Janet Cardiff and Georges Bures Miller @ The Fruitmarket

Article by Nancy Katz | 18 Aug 2008

Everybody likes a little emotional manipulation. We pay for drugs, roller coasters and horror movies because they make us feel something, whether it be good, invincible or scared shitless. This exhibition does all these things. Now, admittedly for some that last statement won't seem to wash, because for most, art just doesn't ever cut the 'real-life' mustard. Reason being, art seems to be stuck behind a thick intellectual barrier. It seems to demand a level of linguistic interpretation which distances it from the ecstasy of pleasurable youthful pursuits, and the almost always instant gratification that they provide. It isn't like skiing or sex, it's like reading and maths. The work of this internationally respected artistic partnership, however, contests this misconception. Janet Cardiff and Georges Bures Miller eschew ideas of discourse or signification as sufficient starting points for artist appreciation, and instead encompass corporeality. Using a series of really rather clever sound editing techniques, the pair have constructed six fictional scenarios which attend not to the intellect but to the sensation.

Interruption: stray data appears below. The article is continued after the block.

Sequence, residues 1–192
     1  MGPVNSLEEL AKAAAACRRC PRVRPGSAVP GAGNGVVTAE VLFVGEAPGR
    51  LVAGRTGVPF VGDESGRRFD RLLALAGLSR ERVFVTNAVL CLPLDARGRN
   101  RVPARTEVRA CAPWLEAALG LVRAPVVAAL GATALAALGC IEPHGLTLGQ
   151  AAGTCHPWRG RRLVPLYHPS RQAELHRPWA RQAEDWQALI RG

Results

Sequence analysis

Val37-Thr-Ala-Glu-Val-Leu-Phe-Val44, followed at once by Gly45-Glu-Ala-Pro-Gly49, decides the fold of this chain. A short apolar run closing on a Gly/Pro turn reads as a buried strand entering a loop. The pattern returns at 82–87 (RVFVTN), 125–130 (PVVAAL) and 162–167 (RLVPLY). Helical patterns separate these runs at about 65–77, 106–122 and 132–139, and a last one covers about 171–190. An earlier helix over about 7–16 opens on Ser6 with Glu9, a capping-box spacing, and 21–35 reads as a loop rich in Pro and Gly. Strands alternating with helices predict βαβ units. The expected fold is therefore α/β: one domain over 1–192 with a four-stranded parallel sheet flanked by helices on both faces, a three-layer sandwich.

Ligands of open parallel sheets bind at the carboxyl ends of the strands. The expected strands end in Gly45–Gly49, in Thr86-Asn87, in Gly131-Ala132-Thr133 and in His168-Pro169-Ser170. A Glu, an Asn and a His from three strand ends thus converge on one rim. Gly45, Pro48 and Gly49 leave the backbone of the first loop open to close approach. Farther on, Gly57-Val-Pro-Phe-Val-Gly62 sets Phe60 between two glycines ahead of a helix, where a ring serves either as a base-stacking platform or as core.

They've had to build big new walls and sound proof corridors to house these outstanding installations. Encountering them is like meeting some twisted transformers, each equipped with a set of powers capable of inflicting different emotions upon you. Their scale and spectacle is so vast that they seem to make the meek idea of hanging paintings on a wall seem frankly ridiculous. Filmic, theatrical, sculptural and technologically complex, 'The Killing Machine', 'Dark Pool', 'Muriel Lake Incident' and 'Opera for a Small Room' utilise objects, images and sound to play with the viewer. The use of binaural recording uncannily messes with our concepts of space and time, an effect which further adds to the fun-house appeal. Walking around this exhibition is genuinely entertaining. This attention demanding exhibit cleverly disembowels preconceptions of the very purpose and influence of an art exhibition itself.